The FBI uniform crime report had rich information for researchers about gun violence, but many of its key categories have been removed. In 2015, the FBI posted eight tables describing the attributes of murder victims. In 2016, the Bureau posted two tables. When contacted by IVN about the missing race and age demographic data of victims, the FBI replied in an email “A statement in this regard will be forthcoming. The data is available. Please send your data request to [email protected]

The FBI gave no reason as to why it has withheld the important data for victims from the public Uniform Crime Report.

The FBI also does not have any statistics on the number of murders committed using assault weapons. The broader category of murder by rifle, of which assault rifles would be a subset, shows 374 rifle murders in the US in 2016.

The Centers for Disease Control produces studies of causes of deaths for all Americans every year using medical examiner reports. While an excellent resource, it gives less context to firearm homicides than the FBI did up until 2016 – type of weapon, whether the death was part of a mass

Despite the close call with his daughter, Duncan is not convinced that banning a certain class of firearm will end mass shootings in America. But he would like to base his opinion on data.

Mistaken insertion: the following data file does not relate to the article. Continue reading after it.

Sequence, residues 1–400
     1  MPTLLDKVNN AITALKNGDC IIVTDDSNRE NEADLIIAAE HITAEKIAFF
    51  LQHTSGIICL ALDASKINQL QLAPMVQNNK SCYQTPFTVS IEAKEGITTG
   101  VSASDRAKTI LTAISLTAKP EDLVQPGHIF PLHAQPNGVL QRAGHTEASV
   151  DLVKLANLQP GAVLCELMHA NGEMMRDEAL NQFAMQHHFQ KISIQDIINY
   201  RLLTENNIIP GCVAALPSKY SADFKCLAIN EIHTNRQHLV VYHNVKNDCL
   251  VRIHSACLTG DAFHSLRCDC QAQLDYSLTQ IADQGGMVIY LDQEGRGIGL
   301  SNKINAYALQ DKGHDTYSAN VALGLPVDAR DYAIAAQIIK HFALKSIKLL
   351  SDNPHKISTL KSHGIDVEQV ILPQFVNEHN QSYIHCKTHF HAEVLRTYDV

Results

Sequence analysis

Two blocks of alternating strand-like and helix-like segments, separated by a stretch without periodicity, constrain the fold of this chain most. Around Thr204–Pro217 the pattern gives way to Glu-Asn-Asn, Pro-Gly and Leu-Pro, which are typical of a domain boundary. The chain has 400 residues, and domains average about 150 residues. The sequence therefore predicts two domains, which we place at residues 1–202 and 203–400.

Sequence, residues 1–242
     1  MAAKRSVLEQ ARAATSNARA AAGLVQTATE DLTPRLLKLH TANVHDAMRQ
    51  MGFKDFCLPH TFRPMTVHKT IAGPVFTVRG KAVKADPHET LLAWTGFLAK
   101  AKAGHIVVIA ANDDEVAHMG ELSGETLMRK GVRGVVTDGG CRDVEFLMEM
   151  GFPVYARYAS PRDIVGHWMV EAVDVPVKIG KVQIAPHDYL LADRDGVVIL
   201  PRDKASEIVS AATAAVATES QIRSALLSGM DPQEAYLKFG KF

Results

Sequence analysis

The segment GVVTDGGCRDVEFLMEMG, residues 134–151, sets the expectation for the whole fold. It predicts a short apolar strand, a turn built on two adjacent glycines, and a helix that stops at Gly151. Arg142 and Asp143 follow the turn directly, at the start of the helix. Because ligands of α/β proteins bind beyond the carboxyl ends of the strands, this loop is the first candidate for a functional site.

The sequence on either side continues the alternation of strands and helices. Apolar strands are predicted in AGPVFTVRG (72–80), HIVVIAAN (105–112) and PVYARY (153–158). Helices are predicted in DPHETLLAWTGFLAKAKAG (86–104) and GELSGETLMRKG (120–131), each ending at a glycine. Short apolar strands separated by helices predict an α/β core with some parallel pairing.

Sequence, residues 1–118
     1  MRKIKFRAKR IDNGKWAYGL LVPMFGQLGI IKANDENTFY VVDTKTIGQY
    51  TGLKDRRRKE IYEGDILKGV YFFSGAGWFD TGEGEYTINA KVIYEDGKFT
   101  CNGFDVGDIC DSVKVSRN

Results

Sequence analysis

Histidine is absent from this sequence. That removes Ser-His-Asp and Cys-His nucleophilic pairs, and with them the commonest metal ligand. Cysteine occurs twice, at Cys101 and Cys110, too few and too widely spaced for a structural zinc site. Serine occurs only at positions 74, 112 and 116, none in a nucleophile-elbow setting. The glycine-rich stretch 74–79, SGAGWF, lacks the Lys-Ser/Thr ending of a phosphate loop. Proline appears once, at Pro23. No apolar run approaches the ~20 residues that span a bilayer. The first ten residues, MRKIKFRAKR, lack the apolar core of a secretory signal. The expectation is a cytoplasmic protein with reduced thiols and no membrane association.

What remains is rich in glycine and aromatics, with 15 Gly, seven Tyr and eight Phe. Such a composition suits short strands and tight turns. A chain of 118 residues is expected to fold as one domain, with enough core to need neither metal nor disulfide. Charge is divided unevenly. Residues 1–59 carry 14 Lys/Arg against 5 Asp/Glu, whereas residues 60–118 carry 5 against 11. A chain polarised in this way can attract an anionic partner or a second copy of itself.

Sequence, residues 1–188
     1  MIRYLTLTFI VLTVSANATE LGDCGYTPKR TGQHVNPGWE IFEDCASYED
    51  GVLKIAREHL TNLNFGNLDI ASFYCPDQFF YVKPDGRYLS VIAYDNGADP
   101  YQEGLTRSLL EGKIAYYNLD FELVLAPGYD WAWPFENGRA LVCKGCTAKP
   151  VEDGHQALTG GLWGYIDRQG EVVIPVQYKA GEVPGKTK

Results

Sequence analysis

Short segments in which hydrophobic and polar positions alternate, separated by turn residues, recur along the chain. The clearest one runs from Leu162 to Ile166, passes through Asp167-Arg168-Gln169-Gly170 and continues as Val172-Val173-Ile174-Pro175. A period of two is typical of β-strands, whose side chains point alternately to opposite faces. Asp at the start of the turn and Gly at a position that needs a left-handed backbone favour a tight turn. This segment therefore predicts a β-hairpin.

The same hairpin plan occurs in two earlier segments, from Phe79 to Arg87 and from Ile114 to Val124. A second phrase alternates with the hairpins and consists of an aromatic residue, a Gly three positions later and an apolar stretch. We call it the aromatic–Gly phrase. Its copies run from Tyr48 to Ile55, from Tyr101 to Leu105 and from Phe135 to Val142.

After poring over these statistics – the same statistics available to policy makers who want to solve the problem – Mark is disgusted by the whole process. “Before we lose more kids or forfeit more rights, I’d like everyone to sit down a the table and have a rational debate on this. Google knows every place I went this week, but nobody can tell me how many school shootings we had last year.”

America is woefully ill-equipped to have a larger, data-driven public policy conversation about the complex sources of or solutions to gun violence in school.

Duncan relies on science for his profession, and the lack of data in this debate is perplexing him. “If I used the same quality of data in my dental office that is being used to figure out school shootings, I would have a lot of patients with really messed up teeth.” Mark pauses for a reflective moment. “How can you solve a problem you can’t even describe?”

America is woefully ill-equipped to have a larger, data-driven public policy conversation about the complex sources of or solutions to gun violence in school.